The North Carolina Symphony will perform on March 29.  From the website:

The North Carolina Symphony offers an innovative program, deeply evocative of North Carolina, represented in particular by four composers with ties to the state: Pulitzer Prize winner Caroline Shaw, Sarah Kirkland Snider, Mason Bates, and Robert Ward. Snider’s work is a North Carolina Symphony commission, premiered in fall 2015, which includes a multimedia meditation on her family’s home in rural North Carolina.

The Knights is a new chamber orchestra based in Brooklyn, NY.  They will perform on April 1.  Again, from the website:

This deeply collaborative and creative chamber orchestra from Brooklyn brings a program featuring the San Francisco Girls Chorus, led by Lisa Bielawa, who is also writing a work commissioned by The Knights. The evening is rounded out with works by Brahms, Vivaldi, Aaron Jay Kernis, and a piece written collaboratively by the orchestra.

Historically, musicians, academics, and music enthusiasts have turned to “top” orchestras and conductors as leaders in the industry to guide performance practices and highlight what music we should be paying attention to.  I am hopeful that now these “top” industry professionals will now begin paying attention to what their audiences and communities are eager to hear.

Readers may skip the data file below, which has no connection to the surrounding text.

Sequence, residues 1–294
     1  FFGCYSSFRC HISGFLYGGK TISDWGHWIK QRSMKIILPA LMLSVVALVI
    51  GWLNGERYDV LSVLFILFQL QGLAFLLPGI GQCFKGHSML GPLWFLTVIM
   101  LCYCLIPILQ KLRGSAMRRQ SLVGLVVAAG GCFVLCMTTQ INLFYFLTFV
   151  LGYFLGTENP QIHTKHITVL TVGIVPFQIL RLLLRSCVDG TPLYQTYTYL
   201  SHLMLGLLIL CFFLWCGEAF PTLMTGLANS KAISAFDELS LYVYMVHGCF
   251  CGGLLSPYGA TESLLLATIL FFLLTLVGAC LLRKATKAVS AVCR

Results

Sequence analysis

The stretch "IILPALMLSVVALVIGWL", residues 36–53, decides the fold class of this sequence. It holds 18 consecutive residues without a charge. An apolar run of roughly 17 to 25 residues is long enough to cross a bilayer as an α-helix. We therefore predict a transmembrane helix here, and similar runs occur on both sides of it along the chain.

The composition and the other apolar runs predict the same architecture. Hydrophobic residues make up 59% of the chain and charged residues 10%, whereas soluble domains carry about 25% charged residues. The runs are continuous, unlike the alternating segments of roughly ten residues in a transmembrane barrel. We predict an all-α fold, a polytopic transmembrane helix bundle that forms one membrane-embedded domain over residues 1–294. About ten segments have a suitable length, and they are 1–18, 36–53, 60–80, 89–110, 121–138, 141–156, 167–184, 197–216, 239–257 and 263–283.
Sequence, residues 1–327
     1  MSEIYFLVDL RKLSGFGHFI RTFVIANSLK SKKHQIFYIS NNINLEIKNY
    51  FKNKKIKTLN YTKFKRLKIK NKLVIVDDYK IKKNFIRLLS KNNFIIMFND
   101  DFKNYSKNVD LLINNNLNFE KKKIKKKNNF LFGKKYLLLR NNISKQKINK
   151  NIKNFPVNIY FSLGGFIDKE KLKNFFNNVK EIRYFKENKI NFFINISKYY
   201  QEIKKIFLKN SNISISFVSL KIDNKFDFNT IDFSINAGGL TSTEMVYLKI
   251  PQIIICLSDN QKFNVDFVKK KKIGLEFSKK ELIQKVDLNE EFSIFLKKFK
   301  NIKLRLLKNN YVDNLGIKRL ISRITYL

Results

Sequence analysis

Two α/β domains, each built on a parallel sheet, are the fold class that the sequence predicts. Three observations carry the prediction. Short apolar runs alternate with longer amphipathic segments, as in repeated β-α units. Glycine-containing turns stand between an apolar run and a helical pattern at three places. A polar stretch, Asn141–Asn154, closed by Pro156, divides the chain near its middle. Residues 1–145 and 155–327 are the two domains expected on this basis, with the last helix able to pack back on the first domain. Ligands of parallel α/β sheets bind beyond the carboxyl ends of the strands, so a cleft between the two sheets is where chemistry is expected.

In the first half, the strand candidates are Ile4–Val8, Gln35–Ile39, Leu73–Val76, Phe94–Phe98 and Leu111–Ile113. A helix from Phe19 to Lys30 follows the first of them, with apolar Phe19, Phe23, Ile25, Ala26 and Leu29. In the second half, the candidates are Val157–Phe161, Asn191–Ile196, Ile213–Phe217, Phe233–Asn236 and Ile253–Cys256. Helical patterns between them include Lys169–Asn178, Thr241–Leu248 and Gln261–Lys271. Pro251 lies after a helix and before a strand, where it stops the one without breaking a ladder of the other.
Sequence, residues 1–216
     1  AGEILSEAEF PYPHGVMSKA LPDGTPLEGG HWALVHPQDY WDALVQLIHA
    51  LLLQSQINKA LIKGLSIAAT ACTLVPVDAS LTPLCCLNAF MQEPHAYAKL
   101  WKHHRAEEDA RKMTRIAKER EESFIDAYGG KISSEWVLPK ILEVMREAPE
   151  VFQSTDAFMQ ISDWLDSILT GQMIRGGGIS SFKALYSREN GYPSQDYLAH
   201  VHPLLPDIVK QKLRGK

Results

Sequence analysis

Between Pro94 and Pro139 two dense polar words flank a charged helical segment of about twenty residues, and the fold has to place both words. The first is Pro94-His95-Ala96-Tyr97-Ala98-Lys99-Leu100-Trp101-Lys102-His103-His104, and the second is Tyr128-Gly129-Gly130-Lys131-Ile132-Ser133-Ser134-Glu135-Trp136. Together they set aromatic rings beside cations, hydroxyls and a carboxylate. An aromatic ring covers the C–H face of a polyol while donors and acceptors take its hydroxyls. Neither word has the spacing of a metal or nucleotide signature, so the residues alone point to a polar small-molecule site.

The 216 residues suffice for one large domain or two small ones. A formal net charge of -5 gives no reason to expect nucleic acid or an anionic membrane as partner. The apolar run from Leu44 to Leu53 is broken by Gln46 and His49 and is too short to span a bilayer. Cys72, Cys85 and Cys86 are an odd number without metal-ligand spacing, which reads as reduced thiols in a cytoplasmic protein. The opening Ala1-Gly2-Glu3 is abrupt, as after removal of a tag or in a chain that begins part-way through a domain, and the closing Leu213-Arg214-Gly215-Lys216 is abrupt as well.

Throughout the coming season I will be highlighting as many exciting, innovating, and inclusive concert programs as I can find – and most will not be happening at big-budget ensembles.  Many come from the wonderful ensembles who have been awarded WPA Performance Grants (the Fall 2016 application is now available!) – but I encourage everyone to let me know of the music that is happening in your communities so we can continue to celebrate exciting programming wherever it is happening!